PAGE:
MILAN (Reuters) - Italy's biggest retail bank Intesa Sanpaolo SpA ISP.MI could be tempted to scrap trying to sell fund manager Banca Fideuram and list it instead, with analysts valuing it at 2.5 billion to 3.5 billion euros ($5.25 billion).
Exor SpA EXOR.MI, the holding company for Italy's Agnelli family, says it is interested in Fideuram. But Exor, the main shareholder in automaker Fiat SpA FIA.MI, has only a billion euros in cash and the Bank of Italy frowns on banks being bought using debt. Talks are making slow progress.
That could mean the option of an initial public offering (IPO) gains traction for Intesa Sanpaolo, with a listing most likely in the first part of next year in order to take advantage of positive markets, a banking source and an analyst said.
Shedding Fideuram, a leading Italian asset manager with 4,300 private bankers, is part of Chief Executive Corrado Passera’s program to get rid of about 11 billion euros of non-core assets and bolster capital ratios. They are now toward the low end among large European banks.
The bank snubbed state aid aimed at boosting its capital ratios last month and issued a 1.5 billion euro hybrid bond.
“With the markets currently very positive, an IPO for Fideuram probably gets more likely every day,” said an investment banker specializing in Italian banks.
“An IPO takes a while to prepare. They could be planning now for launching early-mid next year.”
A source close to the deal said the bank “has been looking at an IPO from the beginning.”
A financial source also said Intesa Sanpaolo was keeping all its options open, with no determination yet on how much of Fideuram could be sold or listed.
“However, an IPO would in theory let them free themselves up on the balance sheet and deconsolidate Fideuram,” said the source.
In calculating the impact on Core Tier 1 ratio -- a standard of capital held against risky assets -- the capital gain should be looked at along with deconsolidation of intangibles, such as goodwill, and risk-weighted assets.
A Fideuram IPO also could benefit from investors' renewed enthusiasm for asset managers, with the Standard & Poor's Asset Management and Custody Banks Index .GSPAMCB rising 112 percent since March.
In a September IPO, Switzerland's Julius Baer BAER1.VX raised more funds than expected when it floated its U.S. asset management arm Artio Global Investors Inc ART.N. Artio had assets under management of $53 billion at the end of August and raised $650 million in selling 25 million shares.
Private banks also are in the mood for mergers as they look to gain crucial size and cut costs in the wake of the credit crisis. In one takeover, Julius Baer agreed to buy ING's ING.AS Swiss private banking assets for 520 million Swiss francs ($516.4 million) last month.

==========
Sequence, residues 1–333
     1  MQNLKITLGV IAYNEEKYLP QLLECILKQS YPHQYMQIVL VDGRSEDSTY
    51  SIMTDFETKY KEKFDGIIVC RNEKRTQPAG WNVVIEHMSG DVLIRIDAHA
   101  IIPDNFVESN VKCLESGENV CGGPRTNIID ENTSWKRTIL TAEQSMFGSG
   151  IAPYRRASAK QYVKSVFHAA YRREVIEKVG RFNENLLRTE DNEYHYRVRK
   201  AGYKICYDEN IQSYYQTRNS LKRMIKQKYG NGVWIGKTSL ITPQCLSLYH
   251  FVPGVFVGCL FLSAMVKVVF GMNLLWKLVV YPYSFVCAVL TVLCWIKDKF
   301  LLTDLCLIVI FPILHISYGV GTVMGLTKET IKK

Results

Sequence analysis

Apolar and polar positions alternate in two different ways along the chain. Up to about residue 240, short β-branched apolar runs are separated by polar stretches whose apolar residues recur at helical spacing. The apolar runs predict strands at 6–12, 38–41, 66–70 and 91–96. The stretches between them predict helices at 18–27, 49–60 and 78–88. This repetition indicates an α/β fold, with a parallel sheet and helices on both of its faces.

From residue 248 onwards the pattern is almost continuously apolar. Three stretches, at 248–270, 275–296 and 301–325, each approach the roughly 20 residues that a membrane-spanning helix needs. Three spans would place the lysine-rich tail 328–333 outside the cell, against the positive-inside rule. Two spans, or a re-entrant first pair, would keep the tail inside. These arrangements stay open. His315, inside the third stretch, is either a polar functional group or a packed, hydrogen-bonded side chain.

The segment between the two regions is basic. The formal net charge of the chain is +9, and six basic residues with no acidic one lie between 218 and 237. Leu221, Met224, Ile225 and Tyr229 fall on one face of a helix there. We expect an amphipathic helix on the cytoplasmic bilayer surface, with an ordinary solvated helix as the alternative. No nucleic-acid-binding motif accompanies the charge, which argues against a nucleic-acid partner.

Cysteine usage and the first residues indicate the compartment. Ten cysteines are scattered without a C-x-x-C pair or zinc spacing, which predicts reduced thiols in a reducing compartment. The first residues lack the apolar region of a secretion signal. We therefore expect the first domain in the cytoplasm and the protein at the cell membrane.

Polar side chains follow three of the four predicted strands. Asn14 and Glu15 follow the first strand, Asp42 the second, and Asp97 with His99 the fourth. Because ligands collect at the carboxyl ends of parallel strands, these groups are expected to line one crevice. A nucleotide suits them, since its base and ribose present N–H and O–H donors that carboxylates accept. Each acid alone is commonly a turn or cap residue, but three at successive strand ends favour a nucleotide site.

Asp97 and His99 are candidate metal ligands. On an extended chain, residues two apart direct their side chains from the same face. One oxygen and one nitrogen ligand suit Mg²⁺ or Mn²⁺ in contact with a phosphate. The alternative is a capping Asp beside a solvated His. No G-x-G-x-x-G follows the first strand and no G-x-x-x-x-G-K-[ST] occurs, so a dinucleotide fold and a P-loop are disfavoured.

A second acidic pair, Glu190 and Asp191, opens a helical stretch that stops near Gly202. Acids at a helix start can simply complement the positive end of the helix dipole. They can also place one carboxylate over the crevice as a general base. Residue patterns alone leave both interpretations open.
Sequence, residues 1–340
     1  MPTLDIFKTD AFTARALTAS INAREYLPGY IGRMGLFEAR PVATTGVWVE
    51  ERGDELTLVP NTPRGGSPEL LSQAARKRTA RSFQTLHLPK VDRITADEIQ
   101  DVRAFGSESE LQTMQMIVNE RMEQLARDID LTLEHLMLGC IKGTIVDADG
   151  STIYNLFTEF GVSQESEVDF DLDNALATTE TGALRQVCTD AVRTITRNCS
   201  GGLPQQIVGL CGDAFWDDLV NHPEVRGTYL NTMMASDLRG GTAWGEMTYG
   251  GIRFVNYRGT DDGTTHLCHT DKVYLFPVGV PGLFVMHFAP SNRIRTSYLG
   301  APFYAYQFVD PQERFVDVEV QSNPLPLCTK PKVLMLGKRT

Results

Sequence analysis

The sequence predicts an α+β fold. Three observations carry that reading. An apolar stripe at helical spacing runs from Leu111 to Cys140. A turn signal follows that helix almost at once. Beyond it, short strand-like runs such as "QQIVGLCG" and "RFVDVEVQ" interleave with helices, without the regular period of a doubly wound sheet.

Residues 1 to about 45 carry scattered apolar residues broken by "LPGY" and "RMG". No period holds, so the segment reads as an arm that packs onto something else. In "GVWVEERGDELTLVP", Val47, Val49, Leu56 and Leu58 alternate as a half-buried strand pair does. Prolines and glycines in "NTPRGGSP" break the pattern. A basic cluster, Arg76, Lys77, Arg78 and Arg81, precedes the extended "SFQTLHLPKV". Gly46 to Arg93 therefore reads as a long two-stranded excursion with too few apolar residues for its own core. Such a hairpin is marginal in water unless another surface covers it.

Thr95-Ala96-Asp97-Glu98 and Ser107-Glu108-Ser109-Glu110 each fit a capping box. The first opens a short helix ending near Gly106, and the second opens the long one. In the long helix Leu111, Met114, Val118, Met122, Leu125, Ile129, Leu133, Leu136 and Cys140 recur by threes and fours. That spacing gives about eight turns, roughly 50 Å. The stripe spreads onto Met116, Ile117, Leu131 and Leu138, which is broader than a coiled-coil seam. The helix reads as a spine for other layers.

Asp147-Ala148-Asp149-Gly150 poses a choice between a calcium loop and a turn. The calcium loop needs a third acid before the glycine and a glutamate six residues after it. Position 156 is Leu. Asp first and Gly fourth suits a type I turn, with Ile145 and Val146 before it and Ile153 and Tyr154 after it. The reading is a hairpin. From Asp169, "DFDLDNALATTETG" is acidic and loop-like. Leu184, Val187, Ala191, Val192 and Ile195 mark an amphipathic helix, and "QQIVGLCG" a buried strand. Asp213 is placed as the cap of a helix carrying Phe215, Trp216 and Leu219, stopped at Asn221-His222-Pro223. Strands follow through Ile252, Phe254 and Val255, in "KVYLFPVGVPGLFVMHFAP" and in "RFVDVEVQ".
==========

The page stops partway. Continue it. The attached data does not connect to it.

Listing Banca Fideuram, with its 42.3 billion euros in assets under management at the end of June, also would be a big icebreaker for Italian IPOs.
The financial crisis has frozen the market, with no Italian listings since the third quarter of last year. Europe overall has had just 32 IPOs this year worth almost a billion euros, according to Reuters data.
An analyst said Exor could try to buy 51 percent of Fideuram but then would have the problem of taking on minority partners or potential shareholders.
“That’s not easy at the moment. Therefore the alternative of doing the Fideuram IPO is increasingly gathering momentum,” said the analyst, who spoke on condition of anonymity.
Although Italian newspapers have reported Intesa Sanpaolo and Exor are talking, the bank has said only that Fideuram is among assets set aside for sale, listing or partnership.
Passera told reporters on Wednesday there was nothing to add about Fideuram. An Exor spokesman said Fideuram was still one of the options it was examining.
Fideuram had been headed for an IPO as part of Sanpaolo IMI’s Eurizon unit in 2006. However, Banca Intesa’s takeover of Sanpaolo IMI that year in the deal that created Intesa Sanpaolo scuppered Eurizon’s listing plans.
Selling 80 percent of Fideuram at a valuation of 3 billion euros would hike Intesa Sanpaolo’s Core Tier 1 ratio -- a standard of capital held against risky assets -- by 59 basis points, Deutsche Bank has estimated.
The bank’s Core Tier 1 ratio was 6.9 percent at the end of June. Selling off all the non-core assets earmarked by Passera will boost capital ratios by 200 basis points, the bank said last month.
Additional reporting by Jo Winterbottom and Tiziana Barghini; Editing by Jon Loades-Carter
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